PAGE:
Poverty and inequality remain perhaps the most stubbornly enduring developmental challenges confronting South Africa.
Poverty and inequality still exhibit a racial
footprint very similar to one that existed
prior to 1994, where sharp disparities in income
existed across the different racial groups.
Inequality levels in South Africa are ranked amongst
the highest in the world. The GCR is no exception.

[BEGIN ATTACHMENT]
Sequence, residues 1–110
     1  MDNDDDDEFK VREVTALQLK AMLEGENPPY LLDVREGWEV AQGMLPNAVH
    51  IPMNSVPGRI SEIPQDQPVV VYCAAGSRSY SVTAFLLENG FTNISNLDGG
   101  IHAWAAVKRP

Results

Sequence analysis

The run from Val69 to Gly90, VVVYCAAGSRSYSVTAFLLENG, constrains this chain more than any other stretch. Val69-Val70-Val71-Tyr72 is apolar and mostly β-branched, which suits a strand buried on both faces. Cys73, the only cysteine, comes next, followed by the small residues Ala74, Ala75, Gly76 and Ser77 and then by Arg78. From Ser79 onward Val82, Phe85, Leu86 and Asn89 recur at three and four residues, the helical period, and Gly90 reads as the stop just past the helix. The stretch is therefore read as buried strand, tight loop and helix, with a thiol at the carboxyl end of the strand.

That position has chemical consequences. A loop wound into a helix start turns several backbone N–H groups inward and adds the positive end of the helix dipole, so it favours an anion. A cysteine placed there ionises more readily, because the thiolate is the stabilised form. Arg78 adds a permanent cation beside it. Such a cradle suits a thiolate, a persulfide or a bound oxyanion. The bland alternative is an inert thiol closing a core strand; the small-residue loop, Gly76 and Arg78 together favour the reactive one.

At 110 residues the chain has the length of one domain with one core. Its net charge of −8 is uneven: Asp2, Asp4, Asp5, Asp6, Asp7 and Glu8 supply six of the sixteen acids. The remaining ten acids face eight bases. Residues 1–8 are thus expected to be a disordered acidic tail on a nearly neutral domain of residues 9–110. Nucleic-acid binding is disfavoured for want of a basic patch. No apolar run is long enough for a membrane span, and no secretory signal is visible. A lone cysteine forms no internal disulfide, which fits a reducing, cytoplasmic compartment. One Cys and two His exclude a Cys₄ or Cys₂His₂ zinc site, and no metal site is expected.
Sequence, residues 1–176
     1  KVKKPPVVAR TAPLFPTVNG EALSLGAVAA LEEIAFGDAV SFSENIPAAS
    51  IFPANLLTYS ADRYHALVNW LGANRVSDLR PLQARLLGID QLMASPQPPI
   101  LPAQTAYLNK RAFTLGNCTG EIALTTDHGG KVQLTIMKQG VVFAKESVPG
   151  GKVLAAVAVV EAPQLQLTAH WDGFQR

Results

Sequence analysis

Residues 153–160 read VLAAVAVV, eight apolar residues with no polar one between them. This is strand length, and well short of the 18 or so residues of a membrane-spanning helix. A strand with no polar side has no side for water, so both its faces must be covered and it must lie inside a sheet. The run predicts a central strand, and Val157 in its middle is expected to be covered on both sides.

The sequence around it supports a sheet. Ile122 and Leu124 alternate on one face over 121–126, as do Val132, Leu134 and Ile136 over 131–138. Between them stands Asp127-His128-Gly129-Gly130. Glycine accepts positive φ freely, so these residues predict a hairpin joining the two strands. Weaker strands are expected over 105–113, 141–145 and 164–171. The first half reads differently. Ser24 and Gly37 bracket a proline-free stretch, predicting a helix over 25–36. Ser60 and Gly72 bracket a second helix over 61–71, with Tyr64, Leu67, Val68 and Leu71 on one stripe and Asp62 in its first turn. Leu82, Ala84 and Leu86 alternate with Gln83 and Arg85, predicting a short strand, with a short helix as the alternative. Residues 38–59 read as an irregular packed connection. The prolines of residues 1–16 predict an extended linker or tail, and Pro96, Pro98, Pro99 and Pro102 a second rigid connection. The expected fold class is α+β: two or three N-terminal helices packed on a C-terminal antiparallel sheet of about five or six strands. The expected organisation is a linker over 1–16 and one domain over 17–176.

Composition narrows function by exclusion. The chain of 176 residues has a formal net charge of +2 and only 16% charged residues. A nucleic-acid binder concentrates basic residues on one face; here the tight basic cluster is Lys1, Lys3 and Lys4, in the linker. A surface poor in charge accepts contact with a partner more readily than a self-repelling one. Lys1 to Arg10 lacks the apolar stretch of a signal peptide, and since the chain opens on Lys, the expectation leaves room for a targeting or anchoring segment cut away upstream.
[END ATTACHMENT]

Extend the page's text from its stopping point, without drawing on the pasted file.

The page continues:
While a strong social security system has provided crucial income support to the poor and effectively served as a poverty-alleviation measure, poverty levels remain very high. Looking at Gauteng, this section considers data which shows fascinating trends in terms of the broader picture of inequality in the province. Inequality by race, sex and municipality shows that there is much for policy-makers to grapple with, in order to attempt to make even the smallest dent in general levels of inequality. The background to the state of poverty and inequality in Gauteng is that of declining living standards, a ‘squeeze’ on working and poor households, increased competition for scarce resources and ever-mounting social tensions. Given the current state of research, data and knowledge on poverty and inequality, we are confronted with the crucial question: Is government able to target the 'real poor through effective poverty-alleviation programmes?